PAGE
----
New Albany police responded Nov. 26 to another drug-related incident at New Albany High School, 7600 Fodor Road.
Officers arrived at the building at 2 p.m. after being contacted by the school's acting dean of students, Kristy Venne.
Venne had found students smoking, and after a search, recovered cigarettes, electronic cigarettes, lighters, a drug prescribed to a student, 0.98 grams of marijuana in a bag and a pocket knife, according to the police report.
Parents were notified and the illegal items were confiscated by officers.
The incident was handled by school officials, the police report said.
"The district takes any issues that violate the student code of conduct very seriously," said district spokesman Patrick Gallaway. "This situation was handled swiftly and appropriately by our high school dean of students. Discipline will be handled accordingly."
A previous incident occurred at 9:30 a.m. Nov. 20 after Venne questioned two students who had reportedly exchanged a prescription medication.
She received a tip from another student, the police report said.
The students had dextroamphetamine, amphetamine and quetiapine tablets. Police confiscated the drugs, the report said.
Dextroamphetamine and amphetamine pills commonly are used to treat attention-deficit hyperactivity disorder and quetiapine tablets often are used to treat schizophrenia or depression.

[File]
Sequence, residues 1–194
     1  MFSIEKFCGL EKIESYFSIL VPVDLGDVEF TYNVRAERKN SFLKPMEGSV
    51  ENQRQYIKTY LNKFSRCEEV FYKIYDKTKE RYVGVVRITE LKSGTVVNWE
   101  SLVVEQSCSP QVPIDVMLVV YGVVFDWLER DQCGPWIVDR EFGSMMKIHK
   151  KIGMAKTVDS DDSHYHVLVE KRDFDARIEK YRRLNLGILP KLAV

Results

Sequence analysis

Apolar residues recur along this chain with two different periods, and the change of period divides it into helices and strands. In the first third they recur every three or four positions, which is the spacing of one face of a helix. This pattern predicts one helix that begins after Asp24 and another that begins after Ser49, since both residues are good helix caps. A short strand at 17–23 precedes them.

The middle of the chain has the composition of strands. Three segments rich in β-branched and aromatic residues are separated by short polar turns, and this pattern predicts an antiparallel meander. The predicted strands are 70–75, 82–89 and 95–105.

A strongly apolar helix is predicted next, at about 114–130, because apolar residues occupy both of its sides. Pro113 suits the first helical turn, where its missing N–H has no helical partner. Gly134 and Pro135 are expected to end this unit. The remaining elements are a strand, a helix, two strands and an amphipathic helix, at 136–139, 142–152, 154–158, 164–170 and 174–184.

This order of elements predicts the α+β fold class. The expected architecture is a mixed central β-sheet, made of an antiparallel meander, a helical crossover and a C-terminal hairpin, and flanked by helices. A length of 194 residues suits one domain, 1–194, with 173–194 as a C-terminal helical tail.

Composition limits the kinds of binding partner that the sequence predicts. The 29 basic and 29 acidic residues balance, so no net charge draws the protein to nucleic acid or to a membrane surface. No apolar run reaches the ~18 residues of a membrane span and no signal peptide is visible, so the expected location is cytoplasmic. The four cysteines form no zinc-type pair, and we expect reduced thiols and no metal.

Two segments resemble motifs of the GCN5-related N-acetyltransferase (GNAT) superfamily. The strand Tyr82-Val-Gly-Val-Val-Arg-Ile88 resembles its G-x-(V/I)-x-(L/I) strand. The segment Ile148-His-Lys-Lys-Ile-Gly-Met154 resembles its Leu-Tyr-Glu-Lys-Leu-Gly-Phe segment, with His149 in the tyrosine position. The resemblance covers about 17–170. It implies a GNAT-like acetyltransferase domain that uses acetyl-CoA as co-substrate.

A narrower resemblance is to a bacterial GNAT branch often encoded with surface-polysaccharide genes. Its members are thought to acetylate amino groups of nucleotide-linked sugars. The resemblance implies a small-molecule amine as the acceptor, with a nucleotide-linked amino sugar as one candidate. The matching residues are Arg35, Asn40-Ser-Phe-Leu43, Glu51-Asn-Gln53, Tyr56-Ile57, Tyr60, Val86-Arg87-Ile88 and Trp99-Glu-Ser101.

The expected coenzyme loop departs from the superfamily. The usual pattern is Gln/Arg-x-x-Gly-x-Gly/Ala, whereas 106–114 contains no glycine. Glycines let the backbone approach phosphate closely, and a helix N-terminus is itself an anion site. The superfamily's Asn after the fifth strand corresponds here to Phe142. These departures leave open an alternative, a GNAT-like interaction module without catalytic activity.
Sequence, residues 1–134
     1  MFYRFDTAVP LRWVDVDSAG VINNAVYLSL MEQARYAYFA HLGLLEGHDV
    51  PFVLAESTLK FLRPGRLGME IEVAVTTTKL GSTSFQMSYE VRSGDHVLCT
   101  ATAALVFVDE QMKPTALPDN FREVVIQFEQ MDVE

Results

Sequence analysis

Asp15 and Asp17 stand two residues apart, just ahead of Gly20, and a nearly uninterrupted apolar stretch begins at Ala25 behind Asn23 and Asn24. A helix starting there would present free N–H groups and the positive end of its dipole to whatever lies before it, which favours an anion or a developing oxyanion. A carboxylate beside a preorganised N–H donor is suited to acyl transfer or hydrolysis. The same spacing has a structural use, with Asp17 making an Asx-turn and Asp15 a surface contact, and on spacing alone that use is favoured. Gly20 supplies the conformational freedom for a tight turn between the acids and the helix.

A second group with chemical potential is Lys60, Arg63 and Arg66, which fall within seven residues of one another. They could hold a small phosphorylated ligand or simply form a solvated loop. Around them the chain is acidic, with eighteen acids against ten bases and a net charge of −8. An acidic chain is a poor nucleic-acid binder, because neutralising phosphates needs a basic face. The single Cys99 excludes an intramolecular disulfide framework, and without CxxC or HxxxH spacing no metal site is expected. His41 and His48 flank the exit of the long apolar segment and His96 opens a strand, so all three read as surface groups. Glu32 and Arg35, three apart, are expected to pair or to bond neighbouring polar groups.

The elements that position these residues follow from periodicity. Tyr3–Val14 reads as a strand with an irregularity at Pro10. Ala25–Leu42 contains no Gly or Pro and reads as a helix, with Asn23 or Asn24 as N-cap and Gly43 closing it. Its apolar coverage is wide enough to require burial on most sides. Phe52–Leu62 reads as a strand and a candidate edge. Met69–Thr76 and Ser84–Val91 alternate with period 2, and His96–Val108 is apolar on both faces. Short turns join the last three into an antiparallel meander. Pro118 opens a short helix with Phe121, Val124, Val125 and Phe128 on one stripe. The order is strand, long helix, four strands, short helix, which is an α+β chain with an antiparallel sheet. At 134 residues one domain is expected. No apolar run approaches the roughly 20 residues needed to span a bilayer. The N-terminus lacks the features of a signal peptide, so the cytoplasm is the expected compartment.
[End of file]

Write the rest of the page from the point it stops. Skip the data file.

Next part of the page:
Police Chief Greg Jones said the school resource officer -- currently Kevin Deckop -- works with the district to determine if an issue should be handled internally or by the police department.
Jones said it is not unusual for school districts to deal with something internally.
"The detective and the school resource officer work together and do what's possible to prevent anything like this from happening," he said.
Jones said the city offers a diversion program to first-time offenders, which prevents the student from going to court and expunges the charge from the student's record if the student completes the diversion program.
He said the diversion program typically requires more work from the student than the court would require and puts the onus on the student, instead of the parents.
Jones said if a student accepts the terms of the diversion program, the student might be asked to perform community service, pay restitution for any damages they have caused, adhere to a curfew or write letters of apology.
If the student went to court, he or she would be required to pay a fine and be put on probation, he said.
Jones said the city's probation officer, Amy Boyd, oversees the juvenile diversion program. She also addresses the issues that led the student to trouble, which often can't be addressed by the court.
In other recent incident reports from the New Albany Police Department:
* Police are investigating the theft of a gun, ammunition, a digital camera, jewelry and computer equipment valued at nearly $5,000 between 8:30 a.m. and 1:10 p.m. Nov. 25 from a home in the 8000 block of Parsons Pass.
The burglar entered the home through a basement window, which was damaged in the incident, the police report said.
* Police are investigating two large scratches made Nov. 22 on a student's vehicle parked at New Albany High School.
A key was used to cause the damage, according to the police report.
The vehicle was parked at 7:30 a.m. and the damage wasn't discovered until 1:50 p.m., the police report said.